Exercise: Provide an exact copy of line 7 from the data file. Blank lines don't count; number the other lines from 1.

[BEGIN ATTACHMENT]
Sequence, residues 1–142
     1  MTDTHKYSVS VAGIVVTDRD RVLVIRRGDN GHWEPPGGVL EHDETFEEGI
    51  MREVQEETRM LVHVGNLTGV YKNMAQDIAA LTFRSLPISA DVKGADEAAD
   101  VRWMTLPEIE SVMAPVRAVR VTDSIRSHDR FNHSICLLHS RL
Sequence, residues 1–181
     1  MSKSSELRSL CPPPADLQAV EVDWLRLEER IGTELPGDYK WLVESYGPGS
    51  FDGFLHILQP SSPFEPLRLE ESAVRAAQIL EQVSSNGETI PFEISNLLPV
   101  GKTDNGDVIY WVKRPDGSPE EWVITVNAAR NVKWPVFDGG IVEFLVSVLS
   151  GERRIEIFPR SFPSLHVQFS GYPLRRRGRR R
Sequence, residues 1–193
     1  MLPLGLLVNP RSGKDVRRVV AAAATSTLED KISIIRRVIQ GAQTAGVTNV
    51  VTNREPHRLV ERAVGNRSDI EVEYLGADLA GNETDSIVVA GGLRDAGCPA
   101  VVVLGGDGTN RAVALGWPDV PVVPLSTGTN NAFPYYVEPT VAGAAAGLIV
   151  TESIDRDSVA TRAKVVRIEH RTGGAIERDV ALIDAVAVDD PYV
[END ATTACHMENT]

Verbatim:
    51  FDGFLHILQP SSPFEPLRLE ESAVRAAQIL EQVSSNGETI PFEISNLLPV